In 2010 I saw 100 different movies in 100 different theaters. Here are the details.

Saturday, April 17, 2010

50. How to Train Your Dragon

Cinedome 7 Newark

Similar to how Piedmont is encircled by Oakland, the city of Newark is almost entirely surrounded by Fremont, but for a small outlet to the bay.  According to the city's official site, Newark incorporated when the other five towns that would later form Fremont tried to pressure Newark into becoming Fremont's industrial zone.  To my knowledge, the city has only ever had one theater, the Cinedome 7, built in 1983 or later.

According to Cinema Treasures, Syufy Enterprises built a Cinedome 7 in Fremont (just across the freeway from Newark's Cinedome 7), and found it so lucrative that they just had to have another.  How close are these two theaters?  Close.

Fremont's Cinedome was eventually expanded to eight screens, putting a total of fifteen screens between the two theaters, less than half a mile apart.  Fremont's theater, later known as the Cinedome East (to Newark's Cinedome West), closed in March of last year.  The future of Cinedome West also seems in doubt, with owner Cinemark planning to build a twenty-screen theater across the street in Newpark Mall.  (Though according to one poster on Cinema Treasures, this theater has been in the pipe for a long time, and is perhaps in no hurry to materialize.)

Newark's theater is identified as the Cinedome West by a sign facing the freeway, but the front of the building names it as the Cinedome 7.  The entrance comprises several fractalized Arabian arches (I'm inventing architecture just by blogging!).  With the enormous Century 25 Union Landing drawing in people from much of the east bay, including Newark, you can expect to find plenty of parking at this theater.

I received a few curious/suspicious looks from a manager type when I was snapping my photographs, but otherwise I found the staff at this theater to be above-average friendly.  Chatty even.  And a good thing they're friendly, because there was an army of them on my visit on this not-very-crowded Saturday afternoon.

I found a real treat among the gift cards and MPAA brochures: the Cinemark Theatres Nutritional Information hand-out.  I don't see this information listed on their website, and this is the first I've seen of the hard copy, so get ready for some delicious statistics.  If you're a calorie counter, you might favor the Tazo Tea (0 calories), Espresso Solo (5 calories), or a single Lindor Milk Ball (70 calories; not sure what that is exactly).  You'll want to shy away from the peanut butter cookie (390 calories), 7" cheese pizza (540 calories), or the heart-throttling Super Nachos (1280 calories; and you gained three pounds just by reading this sentence).  A half cup of Dreyer's classic french vanilla ice-cream weighs in at a curious 150% (sic).  150% of what?  You might not be surprised to learn that peanut M&Ms have more protein than a hotdog, but did you know that the 20 ounce white chocolate mocha has 19 grams of protein?  As a vegan I need to eat eighty-five raw soybeans and a bale of hay to get that much protein; you're telling me I could just be drinking coffee to bulk up?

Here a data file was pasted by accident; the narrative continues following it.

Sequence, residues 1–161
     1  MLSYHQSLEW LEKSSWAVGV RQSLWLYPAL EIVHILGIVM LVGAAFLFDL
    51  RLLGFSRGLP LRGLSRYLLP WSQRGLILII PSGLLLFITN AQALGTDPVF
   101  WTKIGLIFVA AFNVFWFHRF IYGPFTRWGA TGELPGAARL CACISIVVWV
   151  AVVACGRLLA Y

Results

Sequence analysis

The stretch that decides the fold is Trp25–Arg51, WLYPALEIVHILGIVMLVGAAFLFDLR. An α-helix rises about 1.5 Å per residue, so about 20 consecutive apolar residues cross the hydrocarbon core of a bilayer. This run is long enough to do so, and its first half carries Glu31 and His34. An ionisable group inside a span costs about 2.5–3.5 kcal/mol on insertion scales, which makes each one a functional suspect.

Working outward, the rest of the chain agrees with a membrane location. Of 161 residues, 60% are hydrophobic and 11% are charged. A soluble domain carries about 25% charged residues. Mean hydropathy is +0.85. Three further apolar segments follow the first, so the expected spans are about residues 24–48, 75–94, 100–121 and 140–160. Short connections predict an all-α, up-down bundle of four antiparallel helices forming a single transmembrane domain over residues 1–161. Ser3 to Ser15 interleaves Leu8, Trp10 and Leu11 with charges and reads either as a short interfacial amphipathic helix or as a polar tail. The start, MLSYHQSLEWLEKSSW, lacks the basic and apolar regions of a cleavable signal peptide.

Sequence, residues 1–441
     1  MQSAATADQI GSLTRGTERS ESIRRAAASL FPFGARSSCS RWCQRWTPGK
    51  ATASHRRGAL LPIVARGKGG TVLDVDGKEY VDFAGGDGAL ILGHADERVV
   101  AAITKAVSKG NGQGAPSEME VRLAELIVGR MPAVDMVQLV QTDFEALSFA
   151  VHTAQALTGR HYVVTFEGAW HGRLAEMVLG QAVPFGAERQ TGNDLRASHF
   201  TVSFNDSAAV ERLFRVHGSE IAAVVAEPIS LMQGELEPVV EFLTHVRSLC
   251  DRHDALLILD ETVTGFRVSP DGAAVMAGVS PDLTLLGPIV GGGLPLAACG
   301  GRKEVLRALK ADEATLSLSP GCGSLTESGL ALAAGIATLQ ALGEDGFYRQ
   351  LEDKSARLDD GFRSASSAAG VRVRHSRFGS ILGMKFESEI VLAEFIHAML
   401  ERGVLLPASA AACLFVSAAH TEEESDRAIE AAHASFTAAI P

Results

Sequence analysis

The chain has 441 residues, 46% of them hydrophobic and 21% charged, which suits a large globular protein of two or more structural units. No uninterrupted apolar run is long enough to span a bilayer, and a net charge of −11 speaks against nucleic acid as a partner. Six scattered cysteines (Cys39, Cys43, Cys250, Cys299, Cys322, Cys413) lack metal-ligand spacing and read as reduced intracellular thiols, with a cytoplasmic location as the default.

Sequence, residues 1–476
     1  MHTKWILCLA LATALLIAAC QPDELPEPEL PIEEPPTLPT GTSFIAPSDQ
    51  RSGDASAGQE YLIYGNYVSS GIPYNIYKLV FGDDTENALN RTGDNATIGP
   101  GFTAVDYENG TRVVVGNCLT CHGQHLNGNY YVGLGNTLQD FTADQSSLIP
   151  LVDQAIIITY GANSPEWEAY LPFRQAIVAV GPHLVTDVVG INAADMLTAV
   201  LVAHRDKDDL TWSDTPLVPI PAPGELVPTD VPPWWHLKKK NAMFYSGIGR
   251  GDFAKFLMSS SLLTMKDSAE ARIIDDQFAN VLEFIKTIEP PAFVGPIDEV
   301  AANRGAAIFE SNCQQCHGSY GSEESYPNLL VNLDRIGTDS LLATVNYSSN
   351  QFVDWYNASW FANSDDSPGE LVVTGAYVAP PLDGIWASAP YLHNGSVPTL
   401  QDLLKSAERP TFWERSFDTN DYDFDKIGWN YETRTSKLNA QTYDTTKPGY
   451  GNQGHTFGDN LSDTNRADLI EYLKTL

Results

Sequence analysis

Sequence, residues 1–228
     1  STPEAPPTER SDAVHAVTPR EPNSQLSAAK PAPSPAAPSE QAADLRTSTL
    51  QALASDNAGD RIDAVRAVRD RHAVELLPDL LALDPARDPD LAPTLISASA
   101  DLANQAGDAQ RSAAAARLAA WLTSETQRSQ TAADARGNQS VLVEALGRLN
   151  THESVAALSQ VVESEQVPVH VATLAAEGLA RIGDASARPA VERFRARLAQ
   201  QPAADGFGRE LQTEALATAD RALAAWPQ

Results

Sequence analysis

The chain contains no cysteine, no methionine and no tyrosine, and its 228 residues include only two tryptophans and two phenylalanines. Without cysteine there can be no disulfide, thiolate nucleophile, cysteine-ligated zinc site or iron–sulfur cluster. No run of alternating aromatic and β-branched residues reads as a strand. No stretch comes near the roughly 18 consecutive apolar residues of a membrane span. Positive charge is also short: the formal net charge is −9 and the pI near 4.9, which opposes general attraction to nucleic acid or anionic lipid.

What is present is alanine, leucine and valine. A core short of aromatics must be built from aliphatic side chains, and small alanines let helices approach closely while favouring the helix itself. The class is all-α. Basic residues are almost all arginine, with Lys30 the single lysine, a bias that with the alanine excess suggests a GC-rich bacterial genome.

The lobby retains some nice 80's glitz.  It has funky chandeliers, staircases to nowhere, and a nice wall of framed and unframed posters of coming attractions.

The theater has four domed and three rectangular auditoriums, seating a total of 1952.  Vincent G. Raney designed not only this theater but the domed theaters in San Jose, the CinéArts @ Pleasant Hill, and the Cinedome 8 Napa.  So similar is the auditorium pictured below to the one in Napa that I was able to take the picture with the camera resting on the same banister.

The domed auditoriums hold the most people (topping out at 369), whereas the smaller, rectangular rooms seat between 122 and 229.  In my auditorium, the seats were a bit ratty, but comfortable, and at a very slight angle to the screen, facing the viewer directly toward the screen's middle.  The floors were terribly sticky.


When I first saw the trailer for Beverly Hills Chihuahua a few years ago, I got dumber.  The same goes for Cats & Dogs: The Revenge of Kitty Galore.  I don't recall a time in my youth when I clamored to see animals on the big screen, talking or not.  Remember Benji, Milo, Otis, Hooch, and Babe?  My favorite animal in a movie is probably the eponymous Shaggy Dog, but I'm warming up to Underdog after a wonderful cameo appearance in a spoof of the 300 trailer.  But Cats & Dogs?  I'd be curious to know which kids end up liking this movie, and why.

I'd give your right arm to see Cirque du Soleil.  A spot for their Mystère show in Vegas is proof that when acrobats whiz through the air in bright colored spandex, the world gets a little bit better.

A trailer for the upcoming Oceans had me pitying the poor school of fish.  Is it not enough to be dive bombed by seagulls from above and attacked by dolphins from below, but a shark has to come to the party as well?  There might be many things that would make me uneasy walking around at night, but I'm seldom struck by the fear that at any moment seagulls, dolphins, and sharks might jump from the shadows and eat me.